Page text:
Looking to learn how to treat wasp stings?
Well then, you're in the right place!
In this guide you will learn:
- What wasps are
- Symptoms of a wasp sting
- How to mend wasp stings
- Some common complications of wasp stings (like anaphylaxis)
- What to do if someone shows signs of severe allergic reactions
- Home remedies and natural treatment for wasp stings
Ready to get your fix your wasp wound?
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What is a Wasp?
Wasp is a group of insects of the Hymenoptera order and the Apocrita suborder, but is neither an ant nor a bee. They are paraphyletic with respect to ants and bees,but do not form clade.
The most common wasps are hornets and the yellowjackets. These live together in nests with non-reproductive workers and an egg laying queen. Wasps can live anywhere and that’s why their stings are common.
Like hornets and bees, wasps are equipped with a stinger, which they use for self-defense. Their stings are quite uncomfortable and can cause significant irritation and pain because the venom is strongly alkaline.
Read Also: What are the best traps to catch wasps?
Even though the actual composition of wasp venom isn’t well known, we have a good idea of what its major components are. The venom contains peptides that are referred to as ‘wasp kinin,’ and like bee venom, it contains histamine, the enzyme hyaluronidase, and phospholipase A.
It also contains a compound called acetylcholine which is not found in bee venoms. This compound is a neurotransmitter which helps in intensifying the pain felt from the venom and sting by stimulating pain receptors.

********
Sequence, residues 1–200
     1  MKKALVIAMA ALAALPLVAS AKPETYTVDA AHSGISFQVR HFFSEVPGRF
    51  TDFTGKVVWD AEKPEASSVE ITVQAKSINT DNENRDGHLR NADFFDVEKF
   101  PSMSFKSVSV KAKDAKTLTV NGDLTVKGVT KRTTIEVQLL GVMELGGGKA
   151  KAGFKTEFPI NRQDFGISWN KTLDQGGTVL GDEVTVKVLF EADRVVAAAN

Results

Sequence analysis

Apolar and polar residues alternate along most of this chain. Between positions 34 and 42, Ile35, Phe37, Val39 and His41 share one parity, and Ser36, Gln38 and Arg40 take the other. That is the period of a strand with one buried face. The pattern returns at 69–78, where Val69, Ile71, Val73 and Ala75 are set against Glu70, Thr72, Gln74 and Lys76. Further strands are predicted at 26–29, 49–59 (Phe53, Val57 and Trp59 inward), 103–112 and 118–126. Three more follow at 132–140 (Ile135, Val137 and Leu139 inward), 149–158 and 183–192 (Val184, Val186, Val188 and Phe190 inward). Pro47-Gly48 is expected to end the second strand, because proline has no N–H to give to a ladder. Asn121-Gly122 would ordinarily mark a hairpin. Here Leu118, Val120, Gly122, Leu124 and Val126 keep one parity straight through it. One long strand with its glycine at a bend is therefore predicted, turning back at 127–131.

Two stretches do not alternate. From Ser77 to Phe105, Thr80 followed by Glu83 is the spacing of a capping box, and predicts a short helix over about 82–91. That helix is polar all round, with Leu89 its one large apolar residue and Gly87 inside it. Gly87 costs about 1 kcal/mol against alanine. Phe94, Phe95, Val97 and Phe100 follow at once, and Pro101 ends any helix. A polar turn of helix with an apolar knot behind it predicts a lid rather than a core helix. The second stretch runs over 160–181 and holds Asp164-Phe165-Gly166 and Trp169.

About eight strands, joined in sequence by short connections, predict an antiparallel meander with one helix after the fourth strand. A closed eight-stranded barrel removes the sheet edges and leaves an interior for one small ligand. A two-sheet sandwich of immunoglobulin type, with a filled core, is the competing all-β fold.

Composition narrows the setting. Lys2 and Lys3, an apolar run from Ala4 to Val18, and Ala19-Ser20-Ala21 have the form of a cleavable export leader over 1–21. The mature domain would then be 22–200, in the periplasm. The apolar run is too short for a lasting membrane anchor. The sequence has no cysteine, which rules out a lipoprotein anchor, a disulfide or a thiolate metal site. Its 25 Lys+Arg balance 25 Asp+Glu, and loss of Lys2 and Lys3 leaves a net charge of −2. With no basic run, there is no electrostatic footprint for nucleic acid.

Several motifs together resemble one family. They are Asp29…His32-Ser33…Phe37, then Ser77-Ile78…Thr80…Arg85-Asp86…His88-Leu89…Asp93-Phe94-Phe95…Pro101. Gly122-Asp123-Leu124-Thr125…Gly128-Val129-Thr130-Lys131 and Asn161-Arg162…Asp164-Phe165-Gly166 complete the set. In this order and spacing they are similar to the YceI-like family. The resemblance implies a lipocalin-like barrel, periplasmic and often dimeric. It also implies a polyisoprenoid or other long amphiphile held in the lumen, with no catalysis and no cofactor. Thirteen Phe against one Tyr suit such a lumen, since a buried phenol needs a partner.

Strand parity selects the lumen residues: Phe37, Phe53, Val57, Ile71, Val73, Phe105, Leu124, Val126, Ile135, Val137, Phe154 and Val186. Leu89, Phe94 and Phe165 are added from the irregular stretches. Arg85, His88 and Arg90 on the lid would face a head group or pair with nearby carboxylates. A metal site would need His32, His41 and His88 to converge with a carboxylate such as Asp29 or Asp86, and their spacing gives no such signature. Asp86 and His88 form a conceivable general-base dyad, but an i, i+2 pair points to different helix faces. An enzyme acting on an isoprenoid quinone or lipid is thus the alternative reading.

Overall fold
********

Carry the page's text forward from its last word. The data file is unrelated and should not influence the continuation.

The wasp venom is transmitted to humans during a sting just like an injection using a syringe. During an attack, the insect can sting more than once because its stinger does not become stuck in the skin of the victim like the stinger of the bee.
What are the Symptoms of a Wasp Sting?
There are two categories of people - those with sting allergies and those without. Those in the second category will only show minor symptoms after a wasp sting.
During the sting, they will experience a sharp pain followed by a feeling of burning at the stung area of their body.
The skin will turn red, swell and may also feel itchy.
Read Also: How much does it cost to exterminate wasps?
More about Common Local Reactions
The area around the sting site may develop a raised welt and in the middle of the welt there will be a tiny white mark.
This is where the stinger punched the skin. For those who are non-allergic to stings, the swelling and the pain usually recede after several hours.
Large Local Reactions